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Photos: Rachel Gray

In The Making Collaborating Artist Interview: Paula Murray

By Apartment613 on May 14, 2019



Text by Joanna Tymkiw, visuals by Rachel Gray. In the Making is an interdisciplinary exhibition featuring the work of ten BEING Studio artists. The exhibition is the culmination of a workshop series presented by five local artists sharing skills in printmaking, sculpture, photography, storytelling and ceramics. Joanna is a member of BEING Studio’s Board of Directors and Rachel is the artistic coordinator at the studio.

Click here to learn more about BEING Studio’s In The Making workshop series.

Before Paula Murray was elected into International Academy of Ceramics, commissioned to create the Governor General’s Performing Arts Awards, multiple times, and had her work exhibited all over the world, she was a science student at the University of Ottawa considering a career in medicine. She credits a co-operative art studio close to the school for forever altering her life path. “Getting my hands on clay and trying to centre it on the wheel – I loved the directness of it and the humility. When I was trying to figure out who I was, I heeded my visceral response to clay and have never looked back.”

She credits the chemistry in her background for filtering out the intimidation that comes with high-fire ceramics. “When one has an idea of what is going on technically, the process itself is rich in metaphor. Questions that I need to figure out end up coming out in my work.”

Even though the transition to clay for Paula was natural, she did see leading a clay workshop chocked full of painters as a potential hurdle. “These artists have such extensive experience drawing and painting. They work a lot in 2D and can rely on the expressiveness of colour.” To tackle this, she broke her workshop into three parts focusing on tactile opportunities.

The first project was a simple pinch pot. This was so the artists could get the feeling of manipulating clay with their hands – to see how much pressure was needed to get the intended shape. The second stage was to move onto pressing textures into clay tiles so the artists could get the feel of creating impressions and manipulating aesthetics. The third and final stage was creating the actual vase, by wrapping clay slabs around bottles before individualizing them.

As artists, we’re all invested in our materials as a vessel for expression and I loved seeing the way some artists extended their own unique painting styles into their work with this other material.—Collaborating Artist Paula Murray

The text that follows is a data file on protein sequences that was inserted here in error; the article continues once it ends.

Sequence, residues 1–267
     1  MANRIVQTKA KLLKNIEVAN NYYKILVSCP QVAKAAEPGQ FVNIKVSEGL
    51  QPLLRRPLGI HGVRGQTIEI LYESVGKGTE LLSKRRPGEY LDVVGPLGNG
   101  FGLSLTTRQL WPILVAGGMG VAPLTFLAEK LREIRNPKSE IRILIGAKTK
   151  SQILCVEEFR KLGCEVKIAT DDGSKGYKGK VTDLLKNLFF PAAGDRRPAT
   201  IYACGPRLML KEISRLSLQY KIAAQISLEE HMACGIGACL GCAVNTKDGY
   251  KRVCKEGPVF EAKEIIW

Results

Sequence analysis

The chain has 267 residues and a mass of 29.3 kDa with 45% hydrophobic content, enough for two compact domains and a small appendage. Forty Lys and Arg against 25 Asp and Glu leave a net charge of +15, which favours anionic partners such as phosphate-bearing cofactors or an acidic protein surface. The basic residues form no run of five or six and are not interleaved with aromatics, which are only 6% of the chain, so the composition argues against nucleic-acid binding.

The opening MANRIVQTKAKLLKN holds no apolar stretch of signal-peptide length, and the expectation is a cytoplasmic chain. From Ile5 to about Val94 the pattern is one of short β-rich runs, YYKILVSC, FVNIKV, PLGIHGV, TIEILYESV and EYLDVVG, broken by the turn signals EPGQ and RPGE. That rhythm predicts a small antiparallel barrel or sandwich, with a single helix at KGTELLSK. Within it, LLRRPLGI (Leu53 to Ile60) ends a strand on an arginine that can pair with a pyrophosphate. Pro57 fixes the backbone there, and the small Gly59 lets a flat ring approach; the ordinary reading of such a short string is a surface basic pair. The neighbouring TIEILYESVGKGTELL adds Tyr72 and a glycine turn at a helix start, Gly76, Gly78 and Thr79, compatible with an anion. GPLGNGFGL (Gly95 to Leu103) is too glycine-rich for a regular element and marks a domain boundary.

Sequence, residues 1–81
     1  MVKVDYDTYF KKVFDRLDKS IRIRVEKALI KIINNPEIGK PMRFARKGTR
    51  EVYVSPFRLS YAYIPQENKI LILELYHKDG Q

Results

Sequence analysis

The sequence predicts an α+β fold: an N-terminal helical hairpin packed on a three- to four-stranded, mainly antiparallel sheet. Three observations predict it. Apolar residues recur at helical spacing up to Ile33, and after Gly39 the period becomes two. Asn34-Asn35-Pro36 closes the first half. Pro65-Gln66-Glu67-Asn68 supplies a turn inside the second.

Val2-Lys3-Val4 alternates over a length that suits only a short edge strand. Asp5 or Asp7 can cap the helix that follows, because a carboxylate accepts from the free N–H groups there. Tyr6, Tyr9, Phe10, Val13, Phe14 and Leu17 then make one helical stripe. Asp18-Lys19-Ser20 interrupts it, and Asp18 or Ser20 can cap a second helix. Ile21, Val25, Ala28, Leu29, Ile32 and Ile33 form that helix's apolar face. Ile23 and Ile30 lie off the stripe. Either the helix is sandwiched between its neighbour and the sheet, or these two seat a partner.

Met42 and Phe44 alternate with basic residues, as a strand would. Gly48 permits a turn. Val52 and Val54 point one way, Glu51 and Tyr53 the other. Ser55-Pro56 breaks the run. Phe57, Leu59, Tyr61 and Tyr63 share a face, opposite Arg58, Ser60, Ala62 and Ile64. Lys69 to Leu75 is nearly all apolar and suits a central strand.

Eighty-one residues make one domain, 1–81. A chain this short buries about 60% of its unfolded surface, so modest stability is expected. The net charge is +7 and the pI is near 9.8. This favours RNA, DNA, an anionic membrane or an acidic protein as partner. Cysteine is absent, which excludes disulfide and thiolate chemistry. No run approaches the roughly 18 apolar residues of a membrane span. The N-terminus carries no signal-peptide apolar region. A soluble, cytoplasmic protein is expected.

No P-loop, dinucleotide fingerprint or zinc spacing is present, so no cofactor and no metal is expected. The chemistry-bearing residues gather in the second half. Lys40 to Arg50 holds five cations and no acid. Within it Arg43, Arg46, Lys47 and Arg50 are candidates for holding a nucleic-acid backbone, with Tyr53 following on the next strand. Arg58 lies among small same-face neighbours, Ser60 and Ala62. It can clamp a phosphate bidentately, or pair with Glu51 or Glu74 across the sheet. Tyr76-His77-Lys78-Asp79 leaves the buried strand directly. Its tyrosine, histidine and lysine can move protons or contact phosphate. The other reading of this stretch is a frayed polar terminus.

After the initial firing, Paula and the artists spent another morning brushing an iron wash over the vases to create depth and tone. She offered the option to leave the vases matte or use a glaze. The matte is more about the raw expressiveness of the clay where the sheen adds to the decoration, smooths things over and can add a level of functionality to it by extending the vases use. They chose whether they wanted the more raw texture to come through or the more refined.

One of the artists she took particular note of was Jake Riseborough, more specifically, the speed at which he works and the confidence he exudes. “He’s done within a few short minutes and when he’s done, he’s done – there’s no second guessing.”

Speaking about Jake’s ceramic works in the exhibit, Rose says, “Jake’s confidence really comes through in his work. The way he leaves marks on his clay is so bold and textural. It’s really energizing.”

After her workshops, Paula says of experience with the artists and BEING Studio: “there is such a level and respect of honouring artists where they’re at, to keep things moving and have a constructive experience, for everyone. I’m so glad to know that this place exists and to have been able to work with these artists.”

In The Making’s opening reception is Thursday May 16 from 5:30-8:30pm at the Galerie Annexe, Ottawa Art Gallery. The exhibition runs May 16-26. Ottawa Art Gallery’s drop-off/pick-up address is 10 Daly Avenue. The Daly entrance is between Waller and Nicholas on the south side. The Ottawa Art Gallery is a wheelchair accessible venue.